Hong Kong stocks fell for a fourth day, the longest losing streak in almost three months, after Chinese Premier Wen Jiabao said his cabinet is drafting further measures to curb inflation.
China Shenhua Energy Co., the nation’s biggest coal producer, slid 3.8 percent. Aluminum Corp. of China Ltd., the nation’s largest maker of the lightweight metal, dropped 3.2 percent. Skyworth Digital Holdings Ltd. slumped 7.3 percent after the Chinese manufacturer of televisions said it expects a “significant” decrease in first-half net income.
“It’s very clear that inflation expectation in China is rising very fast, so it’s time for the government to act very decisively,” Sun Mingchun, head of China research at Daiwa Securities Capital Markets, said in a Bloomberg Television interview.
The Hang Seng Index declined 2 percent to close at 23,214.46, extending its losses in the past four days to 6 percent. That’s the longest losing streak since the six days ended Aug. 27.
The Hang Seng China Enterprises Index of so-called H shares of Chinese companies lost 2.4 percent to 12,876.34, its lowest close since Oct. 8.
The Hang Seng Index gained 11 percent this year through the end of last week on expectations that growth in corporate earnings would overcome concerns about the pace of the U.S. economic recovery and China’s steps to curb rising property prices. Shares in the gauge trade at an average 14.6 times estimated earnings, compared with about 17.2 times at the start of the year.
Wen’s comments at a supermarket in Guangzhou, Guangdong, were broadcast last night on state television. He didn’t elaborate, beyond urging local governments to ensure market supply and order.
China may raise interest rates for a second time this year as soon as Nov. 19, the China Securities Journal reported, citing an unidentified analyst. Earlier announcements also indicate that rate decisions are often released on Fridays or around the 20th of the month, the newspaper said.
Shenhua Energy slid 3.8 percent to HK$33.15. Aluminum Corp. fell 3.2 percent to HK$7.01. Jiangxi Copper Co., China’s biggest producer of the metal, plunged 8.2 percent to HK$21.90. Cnooc Ltd., China’s biggest offshore oil explorer, dropped 2.7 percent to HK$16.48.
The London Metal Exchange Index of prices for six industrial metals including copper and aluminum plunged 6.3 percent yesterday. Crude oil futures dropped 3 percent yesterday to $82.34 a barrel, the lowest settlement since Oct. 29.
The People’s Bank of China in October raised its benchmark interest rates for the first time since 2007 and last week boosted lenders’ reserve-requirement ratios by as much as one percentage point, seeking to tame the fastest inflation in two years. Consumer prices jumped 4.4 percent in October from a year earlier, exceeding all 28 estimates in a Bloomberg survey.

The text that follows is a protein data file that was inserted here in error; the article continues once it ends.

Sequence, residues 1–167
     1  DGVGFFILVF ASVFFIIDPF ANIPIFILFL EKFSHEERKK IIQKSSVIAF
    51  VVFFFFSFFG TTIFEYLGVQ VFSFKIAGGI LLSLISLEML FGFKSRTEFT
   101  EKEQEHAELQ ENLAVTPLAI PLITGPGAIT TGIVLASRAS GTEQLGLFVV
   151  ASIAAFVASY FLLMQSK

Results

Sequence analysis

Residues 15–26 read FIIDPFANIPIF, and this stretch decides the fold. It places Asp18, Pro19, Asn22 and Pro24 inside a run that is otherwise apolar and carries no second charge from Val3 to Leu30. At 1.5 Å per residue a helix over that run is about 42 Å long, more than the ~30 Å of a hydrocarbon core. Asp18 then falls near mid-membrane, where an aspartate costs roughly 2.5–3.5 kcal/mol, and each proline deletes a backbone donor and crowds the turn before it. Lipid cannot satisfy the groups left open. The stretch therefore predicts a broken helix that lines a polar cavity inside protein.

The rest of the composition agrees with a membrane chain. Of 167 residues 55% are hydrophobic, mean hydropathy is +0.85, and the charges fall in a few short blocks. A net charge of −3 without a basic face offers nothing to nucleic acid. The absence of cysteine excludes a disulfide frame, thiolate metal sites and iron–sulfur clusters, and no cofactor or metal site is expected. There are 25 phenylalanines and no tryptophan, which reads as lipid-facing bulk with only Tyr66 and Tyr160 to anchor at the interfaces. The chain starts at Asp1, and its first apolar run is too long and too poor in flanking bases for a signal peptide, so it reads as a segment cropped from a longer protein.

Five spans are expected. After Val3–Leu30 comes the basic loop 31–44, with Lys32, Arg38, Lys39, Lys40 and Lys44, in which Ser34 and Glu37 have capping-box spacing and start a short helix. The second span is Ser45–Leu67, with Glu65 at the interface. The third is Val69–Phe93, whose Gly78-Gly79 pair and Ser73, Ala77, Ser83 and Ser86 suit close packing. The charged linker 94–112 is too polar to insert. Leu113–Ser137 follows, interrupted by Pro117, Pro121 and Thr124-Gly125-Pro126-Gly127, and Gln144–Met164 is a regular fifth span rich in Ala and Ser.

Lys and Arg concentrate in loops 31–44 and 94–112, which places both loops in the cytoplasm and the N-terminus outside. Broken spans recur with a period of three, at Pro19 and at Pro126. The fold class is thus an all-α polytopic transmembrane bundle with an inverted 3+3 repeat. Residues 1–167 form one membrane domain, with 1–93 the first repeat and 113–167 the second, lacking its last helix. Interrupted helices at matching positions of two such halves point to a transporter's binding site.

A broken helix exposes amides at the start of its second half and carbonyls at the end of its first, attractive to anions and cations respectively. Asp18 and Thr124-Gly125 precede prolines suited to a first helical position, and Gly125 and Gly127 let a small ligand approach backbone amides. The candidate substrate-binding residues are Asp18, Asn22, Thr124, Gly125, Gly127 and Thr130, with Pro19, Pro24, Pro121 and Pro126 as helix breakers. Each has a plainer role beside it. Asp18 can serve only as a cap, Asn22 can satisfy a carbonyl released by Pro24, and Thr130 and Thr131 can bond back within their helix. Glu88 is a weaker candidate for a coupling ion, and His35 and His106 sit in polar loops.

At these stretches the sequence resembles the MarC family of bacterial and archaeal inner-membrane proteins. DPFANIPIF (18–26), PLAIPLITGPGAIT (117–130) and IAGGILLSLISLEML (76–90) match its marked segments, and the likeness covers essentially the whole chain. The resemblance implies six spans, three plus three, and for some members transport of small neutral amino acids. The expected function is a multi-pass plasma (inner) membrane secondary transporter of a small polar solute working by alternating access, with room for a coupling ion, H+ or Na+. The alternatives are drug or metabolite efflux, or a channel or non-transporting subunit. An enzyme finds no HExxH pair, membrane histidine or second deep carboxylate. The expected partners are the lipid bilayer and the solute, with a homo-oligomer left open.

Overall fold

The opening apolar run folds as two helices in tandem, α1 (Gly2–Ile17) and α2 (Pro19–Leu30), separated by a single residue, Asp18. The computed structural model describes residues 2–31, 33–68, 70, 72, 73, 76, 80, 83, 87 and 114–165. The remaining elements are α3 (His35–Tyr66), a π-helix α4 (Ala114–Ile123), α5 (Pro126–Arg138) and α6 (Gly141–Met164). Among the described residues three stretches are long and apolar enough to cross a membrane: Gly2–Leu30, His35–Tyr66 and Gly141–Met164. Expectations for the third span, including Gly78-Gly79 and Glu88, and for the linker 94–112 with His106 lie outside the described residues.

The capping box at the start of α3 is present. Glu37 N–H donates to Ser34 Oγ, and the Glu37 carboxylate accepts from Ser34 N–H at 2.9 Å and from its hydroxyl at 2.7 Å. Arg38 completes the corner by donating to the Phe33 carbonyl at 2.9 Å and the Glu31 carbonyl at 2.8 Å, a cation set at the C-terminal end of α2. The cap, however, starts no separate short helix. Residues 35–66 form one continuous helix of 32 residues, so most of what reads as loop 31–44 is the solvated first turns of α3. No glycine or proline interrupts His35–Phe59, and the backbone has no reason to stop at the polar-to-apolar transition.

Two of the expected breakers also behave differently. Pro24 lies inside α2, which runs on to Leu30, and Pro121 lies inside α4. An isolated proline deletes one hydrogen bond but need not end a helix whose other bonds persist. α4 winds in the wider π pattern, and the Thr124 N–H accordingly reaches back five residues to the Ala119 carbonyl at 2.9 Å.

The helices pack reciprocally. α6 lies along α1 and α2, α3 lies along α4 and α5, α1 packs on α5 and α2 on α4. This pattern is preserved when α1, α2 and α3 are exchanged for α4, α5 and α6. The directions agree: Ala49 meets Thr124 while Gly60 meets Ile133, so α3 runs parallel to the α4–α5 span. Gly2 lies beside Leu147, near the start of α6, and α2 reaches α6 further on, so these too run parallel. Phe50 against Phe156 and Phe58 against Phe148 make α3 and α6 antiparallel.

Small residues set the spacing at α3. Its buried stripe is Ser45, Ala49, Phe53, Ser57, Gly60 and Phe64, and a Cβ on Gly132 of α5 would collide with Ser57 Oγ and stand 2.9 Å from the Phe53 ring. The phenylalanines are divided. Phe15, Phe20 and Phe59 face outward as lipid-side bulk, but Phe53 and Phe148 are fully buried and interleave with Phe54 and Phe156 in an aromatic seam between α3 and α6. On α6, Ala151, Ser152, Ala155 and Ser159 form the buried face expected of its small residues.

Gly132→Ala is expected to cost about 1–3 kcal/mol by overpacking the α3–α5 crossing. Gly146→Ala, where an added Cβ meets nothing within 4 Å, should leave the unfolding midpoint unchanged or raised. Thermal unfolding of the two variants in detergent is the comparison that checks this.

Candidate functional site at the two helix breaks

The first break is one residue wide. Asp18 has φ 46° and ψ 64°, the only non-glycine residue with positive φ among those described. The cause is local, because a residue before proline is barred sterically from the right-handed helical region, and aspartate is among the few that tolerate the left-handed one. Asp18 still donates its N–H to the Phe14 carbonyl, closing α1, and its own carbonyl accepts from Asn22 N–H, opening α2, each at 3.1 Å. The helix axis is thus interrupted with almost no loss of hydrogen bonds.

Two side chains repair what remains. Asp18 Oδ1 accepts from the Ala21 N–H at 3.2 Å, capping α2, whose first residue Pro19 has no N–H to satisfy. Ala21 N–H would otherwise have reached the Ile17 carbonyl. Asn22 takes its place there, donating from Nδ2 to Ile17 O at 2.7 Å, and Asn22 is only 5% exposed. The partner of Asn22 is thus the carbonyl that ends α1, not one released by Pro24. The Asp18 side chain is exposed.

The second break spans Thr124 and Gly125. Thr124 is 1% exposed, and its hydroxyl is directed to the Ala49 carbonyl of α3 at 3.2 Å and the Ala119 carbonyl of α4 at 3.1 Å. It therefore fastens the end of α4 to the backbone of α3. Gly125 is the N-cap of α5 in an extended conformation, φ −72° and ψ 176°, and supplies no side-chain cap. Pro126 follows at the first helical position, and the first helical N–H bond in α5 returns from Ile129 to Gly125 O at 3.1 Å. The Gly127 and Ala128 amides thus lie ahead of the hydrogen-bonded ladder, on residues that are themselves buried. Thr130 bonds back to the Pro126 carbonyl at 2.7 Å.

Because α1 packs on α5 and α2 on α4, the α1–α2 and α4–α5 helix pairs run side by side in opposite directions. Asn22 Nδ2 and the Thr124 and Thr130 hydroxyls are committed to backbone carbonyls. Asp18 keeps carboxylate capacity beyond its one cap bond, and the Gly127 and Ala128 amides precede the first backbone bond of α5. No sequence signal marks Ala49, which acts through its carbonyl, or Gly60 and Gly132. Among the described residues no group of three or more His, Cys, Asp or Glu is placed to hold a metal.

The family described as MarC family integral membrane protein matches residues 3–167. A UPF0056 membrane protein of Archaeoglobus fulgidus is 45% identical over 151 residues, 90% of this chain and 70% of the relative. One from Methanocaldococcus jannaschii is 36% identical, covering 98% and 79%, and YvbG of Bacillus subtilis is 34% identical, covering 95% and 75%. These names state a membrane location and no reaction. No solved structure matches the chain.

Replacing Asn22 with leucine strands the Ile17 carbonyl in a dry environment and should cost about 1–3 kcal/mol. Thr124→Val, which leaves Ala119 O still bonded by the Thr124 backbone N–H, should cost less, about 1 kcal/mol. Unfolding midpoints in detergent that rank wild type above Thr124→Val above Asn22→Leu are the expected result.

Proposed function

The volume of securities traded on the Hong Kong stock exchange surged to an all-time high of 254.9 billion on Nov. 12, according to data from the stock exchange. That was followed by 226.7 billion on Nov. 15, and yesterday’s 215.9 billion, the second and third highest volumes on record, exchange data shows. Today’s volume was 208.6 billion shares, the seventh-highest.
Skyworth sank 7.3 percent to HK$4.04. The company has lowered the full-year sales target of its flat-panel TV sales in China to 7 million units from 7.5 million, according to a statement.
Weichai Power Co., the Chinese maker of diesel engines, slumped 9.7 percent to HK$45.80 after JPMorgan Chase & Co. cut its recommendation on the stock to “neutral” from “overweight.”
Among shares that fell amid concern Ireland’s debt crisis is worsening, HSBC Holdings Plc, Europe’s biggest bank, declined 2 percent to HK$81.30. Esprit Holdings Ltd., a fashion retailer that gets most of its sales in Europe, lost 2.7 percent to HK$40.30.
Ireland is in talks with European and International Monetary Fund officials about a bailout that would enable the country to inject capital into its banks, said a European official with direct knowledge of the talks.
Futures on the Hang Seng Index dropped 1.8 percent to 23,175. All but three stocks declined among the measure’s 45 constituents.
Shirble Department Store Holdings (China) Ltd. plunged 18 percent to HK$1.81 on its debut.
Macau gaming stocks fell after Xinhua News Agency said the city will tighten control of its casino industry.
Sands China Ltd., Asia’s second-biggest casino operator by market value, plunged 7.1 percent to HK$15.86. Galaxy Entertainment Group Ltd., the casino operator part-owned by Permira Advisers LLP, slumped 5.6 percent to HK$7.15.
Dah Sing Financial Group Ltd. slid 2.4 percent to HK$60, and its Hong Kong unit Dah Sing Banking Group Ltd. lost 1.6 percent to HK$15 after announcing plans to raise at least HK$2.2 billion ($284 million) in two rights offers to help boost the lender’s capital base.